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I find some hope for the future of our planet in the emergence of millions of unconnected environmental and social movements. The leaderless Anarchy of this mass phenomenon and its macro scale means that its cells will not be centrally controlled or turned aside by profit motives. It seems to be a genuine grass roots response to the global threat which our planet faces. —Paul Hawken
Thirsty crops should require state regulation
George Skelton, Los Angeles Times
This is what the Brown administration isn't talking about as it tightens the spigot on landscaping: Urban use accounts for only 20% of California's developed water. Agriculture sucks up 80%.
Some calculate it a little differently: 10% urban, 40% agriculture and 50% environment — meaning every drop in the rivers and marshes. Same thing.
Yet, no one in Sacramento wants to tell farmers how to use water — what they can and cannot plant and irrigate.
No edicts equivalent to "lawn-watering only twice a week" or "hosing down the driveway is forbidden."
No such directives as "tomatoes are OK because they're not water guzzlers and can be fallowed in a dry year," but "hold off planting more gulping almond orchards in the desert."
Maybe, however, it's time for state government to consider regulating crops based on their water needs as California's drought lingers menacingly and we head into the uncertain future of global warming.
After all, we think nothing of telling other landowners what they can put on their property.
We don't allow a new housing tract to sprout unless the developer can identify a source of water. We zone everything in urban areas — requiring government permission to build a house, a strip mall, a factory or a refinery.
Yet, a farmer can plant whatever he pleases, even if surface water is flowing at a trickle and the aquifer is collapsing.
This is what Times water reporter Bettina Boxall wrote last week: "Parts of the San Joaquin Valley are deflating like a tire with a slow leak as growers pull more and more water from the ground.
"The land subsidence is cracking irrigation canals, buckling roads and permanently depleting storage space in the vast aquifer that underlies California's heartland … hastening the day, experts warn, when [farmers] will be forced to let more than a million acres of cropland turn to dust…. [But] it's easier for growers to keep pumping than rein in their use."
In one area of the San Joaquin Valley, Boxall reported, the "land has been sinking at the staggering rate of a foot a year." And the groundwater table has plunged 150 feet in the last 15 years.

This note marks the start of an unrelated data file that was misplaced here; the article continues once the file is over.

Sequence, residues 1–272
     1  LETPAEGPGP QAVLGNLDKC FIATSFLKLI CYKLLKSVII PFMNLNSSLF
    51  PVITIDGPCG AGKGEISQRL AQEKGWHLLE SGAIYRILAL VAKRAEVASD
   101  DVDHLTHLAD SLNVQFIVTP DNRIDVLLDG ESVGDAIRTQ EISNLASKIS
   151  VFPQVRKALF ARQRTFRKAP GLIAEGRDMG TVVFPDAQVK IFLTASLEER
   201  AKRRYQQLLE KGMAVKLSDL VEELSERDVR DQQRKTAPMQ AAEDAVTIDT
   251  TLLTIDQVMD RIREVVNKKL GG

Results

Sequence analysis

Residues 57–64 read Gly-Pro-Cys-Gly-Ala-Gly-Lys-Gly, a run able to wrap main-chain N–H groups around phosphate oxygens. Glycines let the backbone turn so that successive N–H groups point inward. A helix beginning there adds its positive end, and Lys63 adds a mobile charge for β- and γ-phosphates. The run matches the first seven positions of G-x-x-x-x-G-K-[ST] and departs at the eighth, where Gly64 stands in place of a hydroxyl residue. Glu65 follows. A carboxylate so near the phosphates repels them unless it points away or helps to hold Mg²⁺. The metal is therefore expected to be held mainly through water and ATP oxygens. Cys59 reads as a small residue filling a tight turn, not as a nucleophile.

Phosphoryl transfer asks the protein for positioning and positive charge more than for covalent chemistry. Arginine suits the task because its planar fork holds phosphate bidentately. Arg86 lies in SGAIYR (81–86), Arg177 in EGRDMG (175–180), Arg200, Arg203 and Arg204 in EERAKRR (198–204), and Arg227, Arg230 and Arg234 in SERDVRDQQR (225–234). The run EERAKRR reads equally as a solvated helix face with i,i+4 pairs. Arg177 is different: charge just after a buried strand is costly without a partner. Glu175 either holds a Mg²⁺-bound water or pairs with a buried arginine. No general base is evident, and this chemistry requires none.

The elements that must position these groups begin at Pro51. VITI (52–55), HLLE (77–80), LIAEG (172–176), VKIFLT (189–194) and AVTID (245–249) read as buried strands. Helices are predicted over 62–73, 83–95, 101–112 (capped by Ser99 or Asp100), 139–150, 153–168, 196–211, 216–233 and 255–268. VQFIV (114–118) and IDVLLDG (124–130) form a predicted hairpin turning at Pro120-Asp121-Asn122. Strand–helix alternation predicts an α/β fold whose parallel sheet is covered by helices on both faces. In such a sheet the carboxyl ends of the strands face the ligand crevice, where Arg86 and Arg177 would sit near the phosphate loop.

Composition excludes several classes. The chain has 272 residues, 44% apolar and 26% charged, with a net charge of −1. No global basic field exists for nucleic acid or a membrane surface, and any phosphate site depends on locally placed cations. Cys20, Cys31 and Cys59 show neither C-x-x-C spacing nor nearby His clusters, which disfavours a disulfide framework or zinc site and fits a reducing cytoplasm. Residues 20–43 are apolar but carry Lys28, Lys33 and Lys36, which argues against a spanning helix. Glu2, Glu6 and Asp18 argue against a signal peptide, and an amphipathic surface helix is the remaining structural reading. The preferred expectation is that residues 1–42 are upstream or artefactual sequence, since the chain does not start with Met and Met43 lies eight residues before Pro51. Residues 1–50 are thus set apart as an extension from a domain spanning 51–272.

There's no longer a drought buffer.
And it's getting harder for arid regions to just grab water from wetter areas, as L.A. shamefully did a century ago in draining the Owens Valley in the Eastern Sierra, providing a story plot for the movie "Chinatown" and paving the way for developer riches and SoCal sprawl.
Gov. Jerry Brown is having a tough time trying to build his proposed $25-billion twin tunnels under the Sacramento-San Joaquin River Delta. They would siphon fresh Sacramento River water, rerouting it from delta farms to San Joaquin growers.
Crop production and food processing, incidentally, account for only about 2% of California's gross product.
All these figures — shares of water consumption and economic impact — come from the nonpartisan Public Policy Institute of California, among other credible research centers.
No one is arguing that California shouldn't be tightening up on urban landscaping, as the state Water Resources Control Board did last week. It's needed.
But the savings amounts to a drop in the bucket compared to what agriculture uses. Residential and commercial landscaping account for just half of urban water use, or 10% of California's total.
The big state and federal water projects have been reducing flows to San Joaquin Valley farms. But growers are trying to recapture the loss by digging deeper wells and depleting the groundwater. That's unsustainable.
To their credit, Brown and the Legislature last year did enact a historic law to manage groundwater. But we were the last Western state to do that. Central Valley agriculture fiercely fought it.
The bill punted the regulating chore to local governments, giving them 25 years to make groundwater pumping sustainable. If they fail, the state can step in.
Perhaps as part of that management, local governments will tell farmers what crops they can plant. But don't count on it. This is seen as a radical idea.
"It's a hard place to go," says Felicia Marcus, chairwoman of the state water board. "The premise is that farmers have water rights. They make business decisions and take a risk."
At a news conference last week announcing a $1-billion "emergency drought package" — basically expediting spending previously approved by voters — Brown said there'd be more restrictions on farmers.
"Growing a walnut or an almond takes water," the governor noted. (No kidding: One gallon is needed to grow one almond, it's generally agreed.)
"Having a new house with a bunch of toilets and showers takes water," Brown continued. "So how do we balance use efficiency with the kind of life that people want in California? That's the wisdom.... There will be restrictions for growers, for consumers, for home builders and for home dwellers."
Marcus told me the agriculture restrictions won't involve planting-dictates. They'll involve reducing delta flows to previously protected "senior" water rights holders, those with rights attained before 1914. The state board also will target any ag water, she says, deemed wasted.
Brown put it all in perspective with this opening comment:
"California for 10,000 years had only 300,000 or so residents. When you up that to 38 million and you increase the amenities and the consumption, you get a problem when you're in the middle of a desert."
The solutions: recycling, conservation, desalination, more storage — and crop regulation.